“There’s a lot more activity with going to a World Championships than swimming at a local meet where you are sitting on the deck and all you have to do is go behind the blocks. At the World Championships, they do walk us through the ready room and then where we would be for the walk-outs.
“Before the World Championships, I would swim in the main competition pool to get a feel for how the water was and how the lights work. They were trying out all the different lights and all that fun activity while I was swimming. That was a little nerve wracking at first but I wanted to swim in that competition pool to get adjusted for that specific reason.”
This year’s World Juniors represents a redemption opportunity for Hayes.
“As a Christian, I heavily believe in God’s plan,” Hayes said. “With every step of the way, there’s things that I may not understand at the time but later it will all come together. With the World Championships, I felt there were many things that prepared me well that I felt God had put into my plan to help prepare me for the World Championships and that’s why I had so much confidence going into that.
“So I feel like I am meant to be at the World Juniors with not qualifying for Worlds so I am pretty confident with the more training I had this past few weeks and months I am definitely a little more confident going into World Juniors.”
After Nationals, she and coach Hooper decided to work on more technique, strengthening her push-offs and individual medley transitions. This will also be the first time she will be racing in relays internationally, pending a selection for the team by the coaching staff.
“I am training heavily for the 200 free, not as heavily as the IM’s. My training is mainly IM but we definitely throw a lot of freestyle in there. I am really excited to be on the 4×2. This will be my first international relay but I am hoping with more training and more time I can snag a spot on the relay next year at Olympic Trials.”
Hayes will be the top seed in both the 200m and 400m IM as she is thus far the only athlete in the competition to have already won an individual medal at the senior level at the World Aquatics Championships. The world junior record for both events may be a little out of reach as Canada’s Summer McIntosh set those marks earlier in the year at 2:06.89 and 4:25.87, the latter being the world record. But Hayes will be the overwhelming favorite in both IM events, swimming three seconds faster than second seed USA’s Haley McDonald already this year in the 200m, and nearly two seconds faster than Canada’s Ella Jansen in the 400m.
Hayes will also be the third seed in the 200m freestyle where she will do battle with top seed Jansen and hometown star Daria Golovaty of Israel.
With her experience, she will be heavily relied upon as a leader for the United States. Two years ago at the World Cup, she was timid in representing her country with a lot of people she didn’t know very well, but now she has a better grasp of it.
“I think that I will know very well how to carry myself at this sort of meet with my experience at World Championships. This will be my third international meet so with that I feel like I will be able to feel more confident going into this. I’m really excited to have some great teammates and represent Team USA again.”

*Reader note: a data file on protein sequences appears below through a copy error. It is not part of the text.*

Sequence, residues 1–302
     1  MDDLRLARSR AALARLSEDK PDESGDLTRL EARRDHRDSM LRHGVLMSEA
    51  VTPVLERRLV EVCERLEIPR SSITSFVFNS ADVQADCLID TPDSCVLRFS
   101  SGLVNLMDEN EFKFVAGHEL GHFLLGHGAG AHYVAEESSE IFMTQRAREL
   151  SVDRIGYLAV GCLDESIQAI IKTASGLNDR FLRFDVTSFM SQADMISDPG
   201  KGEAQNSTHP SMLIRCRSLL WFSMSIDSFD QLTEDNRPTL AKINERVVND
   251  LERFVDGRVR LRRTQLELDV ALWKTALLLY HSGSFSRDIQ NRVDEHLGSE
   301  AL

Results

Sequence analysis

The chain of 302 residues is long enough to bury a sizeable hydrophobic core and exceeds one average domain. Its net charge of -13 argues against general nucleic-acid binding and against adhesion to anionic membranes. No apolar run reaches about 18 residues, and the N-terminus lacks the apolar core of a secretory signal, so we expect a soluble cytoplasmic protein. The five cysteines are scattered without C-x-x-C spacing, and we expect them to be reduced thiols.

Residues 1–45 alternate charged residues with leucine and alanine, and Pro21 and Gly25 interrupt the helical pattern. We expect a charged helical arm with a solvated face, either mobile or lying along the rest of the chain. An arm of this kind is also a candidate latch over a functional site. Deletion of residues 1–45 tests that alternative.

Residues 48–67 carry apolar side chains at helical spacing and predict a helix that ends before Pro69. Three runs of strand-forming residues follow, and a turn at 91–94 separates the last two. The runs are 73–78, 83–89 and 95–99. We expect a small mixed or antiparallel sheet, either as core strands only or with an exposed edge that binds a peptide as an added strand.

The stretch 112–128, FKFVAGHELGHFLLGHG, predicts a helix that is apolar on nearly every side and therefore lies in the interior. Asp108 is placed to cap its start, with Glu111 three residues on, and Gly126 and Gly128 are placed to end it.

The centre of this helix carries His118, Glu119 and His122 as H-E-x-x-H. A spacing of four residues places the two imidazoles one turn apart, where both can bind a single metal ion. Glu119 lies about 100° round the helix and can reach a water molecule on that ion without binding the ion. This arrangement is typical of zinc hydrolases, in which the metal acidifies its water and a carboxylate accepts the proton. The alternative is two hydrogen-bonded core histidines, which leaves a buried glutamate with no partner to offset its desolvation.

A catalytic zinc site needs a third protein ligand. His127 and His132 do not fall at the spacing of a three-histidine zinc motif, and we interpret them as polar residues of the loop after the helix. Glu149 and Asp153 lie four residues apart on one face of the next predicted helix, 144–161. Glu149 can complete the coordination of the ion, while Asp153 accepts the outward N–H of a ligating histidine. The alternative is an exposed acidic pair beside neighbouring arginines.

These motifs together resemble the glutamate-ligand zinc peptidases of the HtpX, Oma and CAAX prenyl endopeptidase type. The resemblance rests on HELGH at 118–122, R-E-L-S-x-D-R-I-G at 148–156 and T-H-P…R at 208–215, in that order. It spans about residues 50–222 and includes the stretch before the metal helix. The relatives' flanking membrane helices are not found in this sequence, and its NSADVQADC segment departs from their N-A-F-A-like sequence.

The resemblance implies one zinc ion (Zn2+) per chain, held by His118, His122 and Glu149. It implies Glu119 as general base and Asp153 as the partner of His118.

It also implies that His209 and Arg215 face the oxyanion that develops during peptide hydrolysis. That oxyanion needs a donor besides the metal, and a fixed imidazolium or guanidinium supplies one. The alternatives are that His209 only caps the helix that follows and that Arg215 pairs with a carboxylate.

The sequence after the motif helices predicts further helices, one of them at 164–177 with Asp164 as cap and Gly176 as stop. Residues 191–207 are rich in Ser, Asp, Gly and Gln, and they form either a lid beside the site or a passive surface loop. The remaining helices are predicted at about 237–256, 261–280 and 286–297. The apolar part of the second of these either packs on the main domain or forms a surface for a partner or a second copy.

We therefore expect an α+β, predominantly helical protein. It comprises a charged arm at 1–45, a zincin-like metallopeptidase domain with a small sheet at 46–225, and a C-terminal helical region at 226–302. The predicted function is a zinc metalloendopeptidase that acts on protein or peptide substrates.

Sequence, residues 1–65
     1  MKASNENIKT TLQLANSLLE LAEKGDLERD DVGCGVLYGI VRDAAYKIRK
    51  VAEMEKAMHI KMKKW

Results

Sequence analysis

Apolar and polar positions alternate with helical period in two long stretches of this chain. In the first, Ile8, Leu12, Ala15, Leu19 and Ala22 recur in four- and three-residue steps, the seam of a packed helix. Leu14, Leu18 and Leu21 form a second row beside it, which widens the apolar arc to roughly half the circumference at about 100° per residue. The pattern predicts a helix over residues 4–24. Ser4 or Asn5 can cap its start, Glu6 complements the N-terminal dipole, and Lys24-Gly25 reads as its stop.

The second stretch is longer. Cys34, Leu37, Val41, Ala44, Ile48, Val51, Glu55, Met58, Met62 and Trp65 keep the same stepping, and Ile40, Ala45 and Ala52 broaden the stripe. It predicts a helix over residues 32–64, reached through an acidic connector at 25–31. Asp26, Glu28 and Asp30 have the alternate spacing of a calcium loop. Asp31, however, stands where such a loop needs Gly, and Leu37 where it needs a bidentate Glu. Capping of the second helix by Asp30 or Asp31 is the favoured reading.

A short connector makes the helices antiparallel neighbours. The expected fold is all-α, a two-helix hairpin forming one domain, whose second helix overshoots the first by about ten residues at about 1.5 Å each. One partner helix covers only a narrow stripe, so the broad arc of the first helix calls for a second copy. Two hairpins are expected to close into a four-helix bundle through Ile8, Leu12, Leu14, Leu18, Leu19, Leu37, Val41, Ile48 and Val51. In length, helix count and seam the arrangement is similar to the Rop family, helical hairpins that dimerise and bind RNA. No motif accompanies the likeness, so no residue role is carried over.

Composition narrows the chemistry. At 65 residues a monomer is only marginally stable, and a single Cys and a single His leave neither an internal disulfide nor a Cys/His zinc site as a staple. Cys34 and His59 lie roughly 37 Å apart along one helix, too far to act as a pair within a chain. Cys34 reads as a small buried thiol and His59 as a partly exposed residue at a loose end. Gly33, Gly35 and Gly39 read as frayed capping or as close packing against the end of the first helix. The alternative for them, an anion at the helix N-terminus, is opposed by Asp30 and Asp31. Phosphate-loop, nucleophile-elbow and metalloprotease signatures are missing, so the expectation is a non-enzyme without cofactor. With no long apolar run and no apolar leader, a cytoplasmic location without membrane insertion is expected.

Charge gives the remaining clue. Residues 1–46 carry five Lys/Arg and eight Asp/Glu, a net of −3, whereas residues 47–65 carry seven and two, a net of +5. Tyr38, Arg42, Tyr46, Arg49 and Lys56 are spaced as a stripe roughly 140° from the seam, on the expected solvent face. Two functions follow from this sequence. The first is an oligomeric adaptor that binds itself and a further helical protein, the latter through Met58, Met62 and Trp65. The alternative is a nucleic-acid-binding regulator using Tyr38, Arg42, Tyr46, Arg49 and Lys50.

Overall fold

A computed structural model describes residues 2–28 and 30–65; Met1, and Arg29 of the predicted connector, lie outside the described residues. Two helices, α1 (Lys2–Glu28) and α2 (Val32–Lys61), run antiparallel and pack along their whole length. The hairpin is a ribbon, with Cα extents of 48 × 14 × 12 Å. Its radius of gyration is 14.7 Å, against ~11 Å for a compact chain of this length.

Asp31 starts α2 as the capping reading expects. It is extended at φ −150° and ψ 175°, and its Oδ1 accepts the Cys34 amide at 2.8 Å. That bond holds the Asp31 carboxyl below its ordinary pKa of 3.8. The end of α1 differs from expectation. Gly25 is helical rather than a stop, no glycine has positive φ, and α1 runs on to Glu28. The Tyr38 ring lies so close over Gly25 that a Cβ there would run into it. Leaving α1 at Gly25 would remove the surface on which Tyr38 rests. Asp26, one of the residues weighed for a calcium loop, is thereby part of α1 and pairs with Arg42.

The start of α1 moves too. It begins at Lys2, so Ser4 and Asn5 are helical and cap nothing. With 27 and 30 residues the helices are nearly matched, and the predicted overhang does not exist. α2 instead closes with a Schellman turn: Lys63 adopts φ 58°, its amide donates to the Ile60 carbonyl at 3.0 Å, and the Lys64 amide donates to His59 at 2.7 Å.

For relays, the United States will be in a tight battle with Australia in the 4x200m. Last year at the Junior Pan Pacific Championships, the United States relied on a 1:54 anchor from Erin Gemmell to secure gold over the Australians by a second. Those two nations have been at the top of the medal table for years and years at the senior level, and the competitive rivalry has trickled down to the junior level.
In Netanya, Hayes (1:58.27) will likely lead the 4x200m relay team along with sixth seed Addison Sauickie (1:58.66) against the Australians led by fourth seed Amelia Weber (1:58.42) and seventh seed Hannah Casey (1:59.11).
The 4x100m should be a similar story as Hayes (55.03) could line up with teammates Anna Moesch (54.36) and Erika Pelaez (54.98) to race against the Australians led by Olivia Wunsch (54.05) and Milla Jansen (54.54).
“I find that I am usually able to give more in relays when I am swimming not only for myself but my teammates and my team,” Hayes said. “When there is a bigger meaning to the race and more people depend on you, I find I have even more to give. With these relays coming up, I am super excited to potentially be a part of them and to represent the United States with a relay.”
The World Junior Swimming Championships have been a barometer for the sport’s future talent to test themselves on the international stage since the first iteration of the event in 2006. Current world record holders Leon Marchand, Mollie O’Callaghan, and Thomas Ceccon competed at the meet in 2019 in Budapest, while last year’s competition in Lima saw future Worlds medalists in Diogo Ribeiro and Krzysztof Chmielewski.
Hayes is one of the headliners for the United States team heading into Netanya and has already achieved quite a lot in the sport. She will be using this meet as a stepping stone towards greater goals of potentially qualifying for the 2024 Olympics in Paris.
“With my recent experiences, I have learned to look at any meet as just another competition so I am not nervous about it.”